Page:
That’s not the “why” around the new structure. And, that wasn’t what Jonathan and team offered when we went through this, but that is certainly something that showed itself. And, that could be the path down the road.

This is so good to hear. I think the biggest challenge we have is to think bigger. So while we might not always be able to have a direct tie to revenue or ROI from organic social, we’re building these vast audiences and have insanely talented/creative individuals within digital teams. How do we think about driving value back to the organizations in a way that’s not always so black and white? It’s this big-picture thinking around the agency model that is exciting and needs to be told a lot more.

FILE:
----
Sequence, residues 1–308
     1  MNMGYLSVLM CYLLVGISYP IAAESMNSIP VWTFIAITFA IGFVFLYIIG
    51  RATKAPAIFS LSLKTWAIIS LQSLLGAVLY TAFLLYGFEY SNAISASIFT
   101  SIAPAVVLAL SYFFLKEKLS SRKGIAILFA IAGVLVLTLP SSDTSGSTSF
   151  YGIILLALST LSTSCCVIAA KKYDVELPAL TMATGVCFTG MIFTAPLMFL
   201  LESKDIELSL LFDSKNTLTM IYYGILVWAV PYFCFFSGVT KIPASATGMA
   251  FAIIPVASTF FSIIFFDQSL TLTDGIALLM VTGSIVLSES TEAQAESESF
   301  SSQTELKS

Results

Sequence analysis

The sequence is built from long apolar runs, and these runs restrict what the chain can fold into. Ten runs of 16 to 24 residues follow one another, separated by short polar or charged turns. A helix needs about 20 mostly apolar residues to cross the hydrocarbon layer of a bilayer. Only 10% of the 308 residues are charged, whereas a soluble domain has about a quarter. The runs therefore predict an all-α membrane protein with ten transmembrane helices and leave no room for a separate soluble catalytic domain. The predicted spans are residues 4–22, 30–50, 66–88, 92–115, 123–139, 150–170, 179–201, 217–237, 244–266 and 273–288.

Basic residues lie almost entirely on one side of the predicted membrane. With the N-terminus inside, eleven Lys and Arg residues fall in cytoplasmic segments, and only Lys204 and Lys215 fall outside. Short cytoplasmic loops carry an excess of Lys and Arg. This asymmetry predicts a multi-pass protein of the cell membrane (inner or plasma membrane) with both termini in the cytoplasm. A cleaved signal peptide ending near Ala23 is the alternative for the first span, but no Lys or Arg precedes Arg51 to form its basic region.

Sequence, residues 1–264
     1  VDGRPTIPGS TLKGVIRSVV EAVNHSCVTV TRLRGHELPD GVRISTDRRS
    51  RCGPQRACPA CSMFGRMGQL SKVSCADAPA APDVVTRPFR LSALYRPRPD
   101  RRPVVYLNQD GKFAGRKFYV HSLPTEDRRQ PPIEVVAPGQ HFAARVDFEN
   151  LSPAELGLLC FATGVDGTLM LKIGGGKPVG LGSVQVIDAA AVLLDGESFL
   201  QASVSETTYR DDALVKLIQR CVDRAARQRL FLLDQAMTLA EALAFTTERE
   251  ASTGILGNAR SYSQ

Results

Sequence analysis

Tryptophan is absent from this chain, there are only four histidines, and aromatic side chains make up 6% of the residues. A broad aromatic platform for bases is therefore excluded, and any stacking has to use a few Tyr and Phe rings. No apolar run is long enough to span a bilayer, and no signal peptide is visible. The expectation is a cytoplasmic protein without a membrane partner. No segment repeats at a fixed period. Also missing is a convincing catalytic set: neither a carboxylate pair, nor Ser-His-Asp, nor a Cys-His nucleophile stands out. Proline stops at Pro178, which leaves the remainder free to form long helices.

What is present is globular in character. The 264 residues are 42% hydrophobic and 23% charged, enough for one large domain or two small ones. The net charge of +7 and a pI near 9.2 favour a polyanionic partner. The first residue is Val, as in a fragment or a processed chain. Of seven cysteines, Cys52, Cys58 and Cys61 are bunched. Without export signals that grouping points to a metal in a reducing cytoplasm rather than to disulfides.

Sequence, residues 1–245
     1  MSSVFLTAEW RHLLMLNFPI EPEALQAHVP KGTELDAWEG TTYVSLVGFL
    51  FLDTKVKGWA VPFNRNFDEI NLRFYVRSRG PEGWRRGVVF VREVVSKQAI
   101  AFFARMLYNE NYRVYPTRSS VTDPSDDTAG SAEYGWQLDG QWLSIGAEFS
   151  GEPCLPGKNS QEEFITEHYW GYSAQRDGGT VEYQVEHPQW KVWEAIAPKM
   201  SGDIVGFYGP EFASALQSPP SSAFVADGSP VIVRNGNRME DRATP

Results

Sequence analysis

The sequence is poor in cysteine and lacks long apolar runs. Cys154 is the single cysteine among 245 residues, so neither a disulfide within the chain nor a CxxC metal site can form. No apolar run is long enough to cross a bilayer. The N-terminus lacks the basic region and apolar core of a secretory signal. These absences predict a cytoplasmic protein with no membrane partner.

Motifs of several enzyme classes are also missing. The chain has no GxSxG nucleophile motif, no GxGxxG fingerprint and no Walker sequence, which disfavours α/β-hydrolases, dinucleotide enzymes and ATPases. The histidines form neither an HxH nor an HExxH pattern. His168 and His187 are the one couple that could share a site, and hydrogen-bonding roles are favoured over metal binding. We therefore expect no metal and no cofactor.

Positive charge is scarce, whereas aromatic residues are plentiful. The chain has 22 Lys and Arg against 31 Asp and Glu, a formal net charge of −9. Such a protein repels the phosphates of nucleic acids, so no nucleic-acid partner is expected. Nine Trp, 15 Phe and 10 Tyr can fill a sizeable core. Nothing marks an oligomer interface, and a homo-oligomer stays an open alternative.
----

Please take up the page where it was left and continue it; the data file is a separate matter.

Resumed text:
It’s mutually exciting to see where they are going, their growth and responsibilities and how we retained the team. But also, how we are going to be able to continue to deliver solutions to atypical digital communications answers.

And, I imagine if they are taking on more projects from a high level it also helps you get buy-in from a headcount perspective because their scope has expanded.

That’s a great bow on it. It’s very circular in nature in that sense.

A big thank you to Graham Neff for you his time and perspective. Be sure to follow Clemson Athletics across digital for some great inspiration. 

On Five Years of Blogging